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April 21, 2014

Andrew Silow-Carroll: Passoverkill? Suggestions to make next year's seders even more culturally sensitive

Sara Israelsen Hartley: Seeking the Divine: An ancient connection in a new context

Christine M. Flowers: Priest's execution in Syria should be call to action

Courtnie Erickson: How to help kids accept the poor decisions of others

Lizette Borreli: A Glass Of Milk A Day Keeps Knee Arthritis At Bay

Lizette Borreli: 5 Health Conditions Your Breath Knows Before You Do

The Kosher Gourmet by Betty Rosbottom Coconut Walnut Bars' golden brown morsels are a beautifully balanced delectable delight

April 18, 2014

Rabbi Yonason Goldson: Clarifying one of the greatest philosophical conundrums in theology

Caroline B. Glick: The disappearance of US will

Megan Wallgren: 10 things I've learned from my teenagers

Lizette Borreli: Green Tea Boosts Brain Power, May Help Treat Dementia

John Ericson: Trying hard to be 'positive' but never succeeding? Blame Your Brain

The Kosher Gourmet by Julie Rothman Almondy, flourless torta del re (Italian king's cake), has royal roots, is simple to make, . . . but devour it because it's simply delicious

April 14, 2014

Rabbi Dr Naftali Brawer: Passover frees us from the tyranny of time

Greg Crosby: Passing Over Religion

Eric Schulzke: First degree: How America really recovered from a murder epidemic

Georgia Lee: When love is not enough: Teaching your kids about the realities of adult relationships

Cameron Huddleston: Freebies for Your Lawn and Garden

Gordon Pape: How you can tell if your financial adviser is setting you up for potential ruin

Dana Dovey: Up to 500,000 people die each year from hepatitis C-related liver disease. New Treatment Has Over 90% Success Rate

Justin Caba: Eating Watermelon Can Help Control High Blood Pressure

The Kosher Gourmet by Joshua E. London and Lou Marmon Don't dare pass over these Pesach picks for Manischewitz!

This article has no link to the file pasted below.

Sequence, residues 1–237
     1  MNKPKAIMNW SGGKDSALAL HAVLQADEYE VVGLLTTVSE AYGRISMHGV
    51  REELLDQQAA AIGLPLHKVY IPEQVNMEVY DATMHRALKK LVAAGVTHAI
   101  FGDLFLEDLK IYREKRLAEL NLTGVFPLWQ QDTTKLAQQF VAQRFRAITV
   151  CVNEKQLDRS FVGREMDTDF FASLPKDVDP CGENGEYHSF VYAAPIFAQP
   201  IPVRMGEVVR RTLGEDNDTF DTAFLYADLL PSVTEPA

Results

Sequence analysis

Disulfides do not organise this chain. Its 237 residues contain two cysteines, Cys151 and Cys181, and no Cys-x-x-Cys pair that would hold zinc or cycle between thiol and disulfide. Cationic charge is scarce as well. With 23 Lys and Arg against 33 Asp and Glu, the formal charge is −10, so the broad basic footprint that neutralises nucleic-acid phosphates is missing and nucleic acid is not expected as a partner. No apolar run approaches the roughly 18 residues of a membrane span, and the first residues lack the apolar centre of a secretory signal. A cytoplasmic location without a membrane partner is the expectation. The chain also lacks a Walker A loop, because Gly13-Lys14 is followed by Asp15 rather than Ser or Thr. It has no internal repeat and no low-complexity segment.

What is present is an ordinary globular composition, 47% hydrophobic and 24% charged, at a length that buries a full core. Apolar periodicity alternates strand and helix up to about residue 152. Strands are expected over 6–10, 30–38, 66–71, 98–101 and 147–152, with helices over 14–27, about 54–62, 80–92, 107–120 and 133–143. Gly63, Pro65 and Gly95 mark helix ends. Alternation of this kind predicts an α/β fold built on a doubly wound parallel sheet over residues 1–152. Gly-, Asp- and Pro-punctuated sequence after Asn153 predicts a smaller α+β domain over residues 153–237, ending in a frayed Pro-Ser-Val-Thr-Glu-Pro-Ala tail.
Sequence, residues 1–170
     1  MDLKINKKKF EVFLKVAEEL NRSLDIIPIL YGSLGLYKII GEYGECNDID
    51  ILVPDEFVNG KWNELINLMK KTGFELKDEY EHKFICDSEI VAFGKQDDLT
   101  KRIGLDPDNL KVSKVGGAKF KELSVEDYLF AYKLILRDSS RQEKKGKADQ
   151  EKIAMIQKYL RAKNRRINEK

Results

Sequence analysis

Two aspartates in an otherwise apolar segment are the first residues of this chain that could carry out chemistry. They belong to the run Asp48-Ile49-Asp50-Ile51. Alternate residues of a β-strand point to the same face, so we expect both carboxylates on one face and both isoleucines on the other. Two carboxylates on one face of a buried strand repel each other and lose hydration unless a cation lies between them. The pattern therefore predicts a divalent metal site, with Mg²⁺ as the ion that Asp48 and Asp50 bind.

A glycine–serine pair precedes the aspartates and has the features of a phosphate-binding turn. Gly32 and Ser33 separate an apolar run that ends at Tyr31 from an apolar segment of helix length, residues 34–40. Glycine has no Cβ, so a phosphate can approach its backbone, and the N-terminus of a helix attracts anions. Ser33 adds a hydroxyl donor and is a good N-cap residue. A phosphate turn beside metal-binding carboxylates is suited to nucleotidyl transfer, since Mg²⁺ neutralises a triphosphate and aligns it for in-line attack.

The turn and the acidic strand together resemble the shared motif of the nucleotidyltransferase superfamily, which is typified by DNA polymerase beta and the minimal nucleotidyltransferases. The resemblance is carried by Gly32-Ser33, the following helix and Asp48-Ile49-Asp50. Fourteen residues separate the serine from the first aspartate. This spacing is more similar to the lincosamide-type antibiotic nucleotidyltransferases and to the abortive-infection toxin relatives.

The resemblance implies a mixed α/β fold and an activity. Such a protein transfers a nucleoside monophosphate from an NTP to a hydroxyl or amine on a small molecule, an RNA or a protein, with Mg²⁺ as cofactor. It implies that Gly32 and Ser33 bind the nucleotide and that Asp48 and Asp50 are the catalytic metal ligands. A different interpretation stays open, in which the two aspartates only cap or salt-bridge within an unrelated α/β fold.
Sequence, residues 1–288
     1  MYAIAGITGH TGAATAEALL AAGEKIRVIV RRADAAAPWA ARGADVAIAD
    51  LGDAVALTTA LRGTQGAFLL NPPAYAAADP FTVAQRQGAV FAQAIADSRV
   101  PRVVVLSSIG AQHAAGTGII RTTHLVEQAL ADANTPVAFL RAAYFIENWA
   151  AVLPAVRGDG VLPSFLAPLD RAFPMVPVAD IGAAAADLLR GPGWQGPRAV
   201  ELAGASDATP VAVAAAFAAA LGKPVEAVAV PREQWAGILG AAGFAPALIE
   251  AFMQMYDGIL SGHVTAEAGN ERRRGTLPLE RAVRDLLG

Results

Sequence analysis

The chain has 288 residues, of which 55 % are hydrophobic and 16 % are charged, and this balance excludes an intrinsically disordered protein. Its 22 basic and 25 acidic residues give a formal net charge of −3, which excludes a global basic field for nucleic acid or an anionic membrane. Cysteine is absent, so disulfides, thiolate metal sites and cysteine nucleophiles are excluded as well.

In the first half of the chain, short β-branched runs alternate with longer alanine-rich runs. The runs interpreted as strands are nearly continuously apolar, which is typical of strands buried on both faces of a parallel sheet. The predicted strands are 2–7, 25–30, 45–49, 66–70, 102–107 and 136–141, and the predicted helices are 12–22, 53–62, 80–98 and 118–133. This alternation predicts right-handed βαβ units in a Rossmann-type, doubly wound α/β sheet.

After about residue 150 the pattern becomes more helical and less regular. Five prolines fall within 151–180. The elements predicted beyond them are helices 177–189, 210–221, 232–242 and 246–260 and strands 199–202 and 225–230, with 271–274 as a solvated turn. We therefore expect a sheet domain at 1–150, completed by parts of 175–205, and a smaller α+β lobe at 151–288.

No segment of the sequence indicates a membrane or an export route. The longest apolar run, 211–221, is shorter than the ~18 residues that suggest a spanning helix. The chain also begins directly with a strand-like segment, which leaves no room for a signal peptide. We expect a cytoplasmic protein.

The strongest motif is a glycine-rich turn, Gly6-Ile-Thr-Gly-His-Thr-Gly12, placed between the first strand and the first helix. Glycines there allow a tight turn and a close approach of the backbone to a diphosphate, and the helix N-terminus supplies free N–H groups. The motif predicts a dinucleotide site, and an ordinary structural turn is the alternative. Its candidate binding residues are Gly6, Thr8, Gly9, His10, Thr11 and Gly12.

April 11, 2014

Rabbi Hillel Goldberg: Silence is much more than golden

Caroline B. Glick: Forgetting freedom at Passover

Susan Swann: How to value a child for who he is, not just what he does

Cameron Huddleston: 7 Financial Tasks You Should Tackle Right Now

Sandra Block and Lisa Gerstner: How to Profit From Your Passion

Susan Scutti: A Simple Blood Test Might Soon Diagnose Cancer

Chris Weller: Have A Slow Metabolism? Let Science Speed It Up For You

The Kosher Gourmet by Diane Rossen Worthington Whitefish Terrine: A French take on gefilte fish

April 9, 2014

Jonathan Tobin: Why Did Kerry Lie About Israeli Blame?

Samuel G. Freedman: A resolution 70 years later for a father's unsettling legacy of ashes from Dachau

Jessica Ivins: A resolution 70 years later for a father's unsettling legacy of ashes from Dachau

Kim Giles: Asking for help is not weakness

Kathy Kristof and Barbara Hoch Marcus: 7 Great Growth Israeli Stocks

Matthew Mientka: How Beans, Peas, And Chickpeas Cleanse Bad Cholesterol and Lowers Risk of Heart Disease

Sabrina Bachai: 5 At-Home Treatments For Headaches

The Kosher Gourmet by Daniel Neman Have yourself a matzo ball: The secrets bubby never told you and recipes she could have never imagined

April 8, 2014

Lori Nawyn: At Your Wit's End and Back: Finding Peace

Susan B. Garland and Rachel L. Sheedy: Strategies Married Couples Can Use to Boost Benefits

David Muhlbaum: Smart Tax Deductions Non-Itemizers Can Claim

Jill Weisenberger, M.S., R.D.N., C.D.E : Before You Lose Your Mental Edge

Dana Dovey: Coffee Drinkers Rejoice! Your Cup Of Joe Can Prevent Death From Liver Disease

Chris Weller: Electric 'Thinking Cap' Puts Your Brain Power Into High Gear

The Kosher Gourmet by Marlene Parrish A gift of hazelnuts keeps giving --- for a variety of nutty recipes: Entree, side, soup, dessert

April 4, 2014

Rabbi David Gutterman: The Word for Nothing Means Everything

Charles Krauthammer: Kerry's folly, Chapter 3

Amy Peterson: A life of love: How to build lasting relationships with your children

John Ericson: Older Women: Save Your Heart, Prevent Stroke Don't Drink Diet

John Ericson: Why 50 million Americans will still have spring allergies after taking meds

Cameron Huddleston: Best and Worst Buys of April 2014

Stacy Rapacon: Great Mutual Funds for Young Investors

Sarah Boesveld: Teacher keeps promise to mail thousands of former students letters written by their past selves

The Kosher Gourmet by Sharon Thompson Anyone can make a salad, you say. But can they make a great salad? (SECRETS, TESTED TECHNIQUES + 4 RECIPES, INCLUDING DRESSINGS)

April 2, 2014

Paul Greenberg: Death and joy in the spring

Dan Barry: Should South Carolina Jews be forced to maintain this chimney built by Germans serving the Nazis?

Mayra Bitsko: Save me! An alien took over my child's personality

Frank Clayton: Get happy: 20 scientifically proven happiness activities